Ewan Pendle and the White Wraith by Shaun Hume || Review


Title: Ewan Pendle and the White Wraith
Author: Shaun Hume
No. of pages:
Genre: Fantasy, Young Adult
Publication date: 
October 31st 2012
Date read: August 31st 2017
4.25/5 ★


Ewan Pendle was weird. Really weird. At least, that’s what everyone told him. Then again, being able to see monsters that no one else could wasn’t exactly normal …

Thinking he has been moved off to live with his eleventh foster family, Ewan is instead told he is a Lenitnes, one of an ancient race of peoples who can alone see the real ‘Creatures’ which inhabit the earth. He is taken in by Enola, the mysterious sword carrying Grand Master of Firedrake Lyceum, a labyrinth of halls and rooms in the middle of London where other children, just like Ewan, go to learn the ways of the Creatures.


This book is said to be reminiscent of the Harry Potter series by J.K. Rowling and these critics were not wrong. There’s a boy, he grew up without knowing his parents, and he’s … special, so he’s sent off to a magical school to be trained into a so called Vilmhied. Yep, many Harry Potter vibes there! Sometimes a little too many, in my honest opinion. There was even a Master (a teacher at Firedrake Lyceum) that wears a turban … I couldn’t help but feeling sceptical about this: I didn’t think it very original to take a story, change some things about it and call it a brand new story!

That was my thought at the beginning, but that changed quickly enough! Yes, this story reminds me as a Potterhead of the Magical Wizarding World, but it’s also a whole new world with a brand new story! The friendships Ewan forms with other Grade Ones in his first months at Firedrake are very strong and soon there’s a trio formed that can’t help but to break the rules of the Lyceum every now and then. But all for the greater good! As a reader you not only get to read about Ewan’s life before Firedrake, but also about that of Mathilde and Enid, which was lovely.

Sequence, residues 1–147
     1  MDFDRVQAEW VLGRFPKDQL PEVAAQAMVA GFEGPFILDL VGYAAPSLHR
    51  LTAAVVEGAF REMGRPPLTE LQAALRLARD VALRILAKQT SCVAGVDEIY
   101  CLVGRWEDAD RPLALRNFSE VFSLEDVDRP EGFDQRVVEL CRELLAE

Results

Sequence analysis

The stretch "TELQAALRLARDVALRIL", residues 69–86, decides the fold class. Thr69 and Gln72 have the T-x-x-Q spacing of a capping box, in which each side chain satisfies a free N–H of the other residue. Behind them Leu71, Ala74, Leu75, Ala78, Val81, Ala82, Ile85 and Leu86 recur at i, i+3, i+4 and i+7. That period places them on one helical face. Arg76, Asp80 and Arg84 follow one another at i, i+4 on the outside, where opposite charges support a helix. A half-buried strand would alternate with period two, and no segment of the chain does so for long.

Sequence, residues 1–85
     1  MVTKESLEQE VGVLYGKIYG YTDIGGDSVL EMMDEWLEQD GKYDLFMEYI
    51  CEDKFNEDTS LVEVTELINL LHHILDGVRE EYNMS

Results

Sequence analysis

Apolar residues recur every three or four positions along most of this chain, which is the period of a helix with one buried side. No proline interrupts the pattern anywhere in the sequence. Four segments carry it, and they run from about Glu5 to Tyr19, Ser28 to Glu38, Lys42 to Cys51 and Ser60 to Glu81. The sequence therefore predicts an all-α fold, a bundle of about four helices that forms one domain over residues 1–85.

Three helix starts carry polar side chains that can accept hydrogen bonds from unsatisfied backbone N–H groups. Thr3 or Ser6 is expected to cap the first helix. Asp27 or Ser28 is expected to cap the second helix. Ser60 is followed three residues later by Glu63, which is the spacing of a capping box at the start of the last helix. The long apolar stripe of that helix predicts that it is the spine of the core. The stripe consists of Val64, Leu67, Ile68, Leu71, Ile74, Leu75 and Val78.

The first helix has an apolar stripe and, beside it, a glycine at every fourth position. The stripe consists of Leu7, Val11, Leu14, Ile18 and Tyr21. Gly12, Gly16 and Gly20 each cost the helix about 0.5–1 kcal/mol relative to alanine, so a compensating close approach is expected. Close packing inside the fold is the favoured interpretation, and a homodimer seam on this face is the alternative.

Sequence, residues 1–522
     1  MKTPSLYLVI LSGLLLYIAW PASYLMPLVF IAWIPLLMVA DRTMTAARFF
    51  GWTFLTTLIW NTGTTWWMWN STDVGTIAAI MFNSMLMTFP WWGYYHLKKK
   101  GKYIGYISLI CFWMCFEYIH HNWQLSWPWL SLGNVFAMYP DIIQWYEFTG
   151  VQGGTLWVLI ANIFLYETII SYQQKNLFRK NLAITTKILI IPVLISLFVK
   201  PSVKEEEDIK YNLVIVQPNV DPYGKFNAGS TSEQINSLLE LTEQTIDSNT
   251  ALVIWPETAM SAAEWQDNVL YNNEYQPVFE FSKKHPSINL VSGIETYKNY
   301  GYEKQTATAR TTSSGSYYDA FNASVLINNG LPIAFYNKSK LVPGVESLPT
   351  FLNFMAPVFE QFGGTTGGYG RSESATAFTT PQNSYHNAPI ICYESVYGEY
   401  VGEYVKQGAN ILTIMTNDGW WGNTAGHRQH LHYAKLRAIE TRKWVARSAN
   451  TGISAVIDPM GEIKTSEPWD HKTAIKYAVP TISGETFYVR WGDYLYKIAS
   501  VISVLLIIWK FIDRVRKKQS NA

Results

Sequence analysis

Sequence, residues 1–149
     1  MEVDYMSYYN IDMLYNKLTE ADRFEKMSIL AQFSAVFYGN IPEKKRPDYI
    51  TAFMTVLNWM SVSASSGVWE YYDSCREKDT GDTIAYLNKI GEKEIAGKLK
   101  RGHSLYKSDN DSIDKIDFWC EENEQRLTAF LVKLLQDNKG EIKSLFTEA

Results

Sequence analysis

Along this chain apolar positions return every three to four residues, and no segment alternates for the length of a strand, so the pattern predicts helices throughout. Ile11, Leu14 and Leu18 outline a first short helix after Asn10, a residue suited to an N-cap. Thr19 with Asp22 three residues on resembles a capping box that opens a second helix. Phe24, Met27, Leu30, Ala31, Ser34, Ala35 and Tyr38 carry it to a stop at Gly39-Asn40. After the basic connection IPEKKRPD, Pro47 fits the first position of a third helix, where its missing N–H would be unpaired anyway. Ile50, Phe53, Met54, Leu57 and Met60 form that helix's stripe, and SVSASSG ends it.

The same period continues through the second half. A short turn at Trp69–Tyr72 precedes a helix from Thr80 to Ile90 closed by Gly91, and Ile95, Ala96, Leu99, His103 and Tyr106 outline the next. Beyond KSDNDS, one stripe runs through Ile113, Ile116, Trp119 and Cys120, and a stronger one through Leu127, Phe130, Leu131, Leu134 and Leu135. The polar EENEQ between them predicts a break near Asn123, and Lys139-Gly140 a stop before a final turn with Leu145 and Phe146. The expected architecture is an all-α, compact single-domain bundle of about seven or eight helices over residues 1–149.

However, there were some things that just downright annoyed me while reading. Like the huge focus on the eyes of some characters. Mathilde had green eyes that reflected the lights in the room very well, Grand Master Enola had “startling azure blue eyes” and I think I have read the phrase “liquid black eyes” about 50 times throughout the book. If not more. After ten times I already wouldn’t ever forget that Enid the pirate girl had “liquid black eyes”. I’m not one for endless descriptions of characters, and I think it’s only distracting me from the story most of the time.

One reason I’m not too big of a high fantasy reader is because of the names of characters and places that seem to consist of only consonants and are almost impossible to pronounce correctly (at least for me they are). This always takes away a feeling of recognition I need to have while reading, if I want to really love a book. This book also contained some of these names/words, like Lenitnes or Eimyrja. Maybe it’s just me, but most times I just read over such names, which results in a detachment between me and these characters/places.

To end on a positive note: Ewan and the White Wraith was a cute little story, with some action and a lot of mystery that is not all solved within the first book! So, I’m very curious about book two!!

*I received an e-copy of this book in exchange for an honest review*

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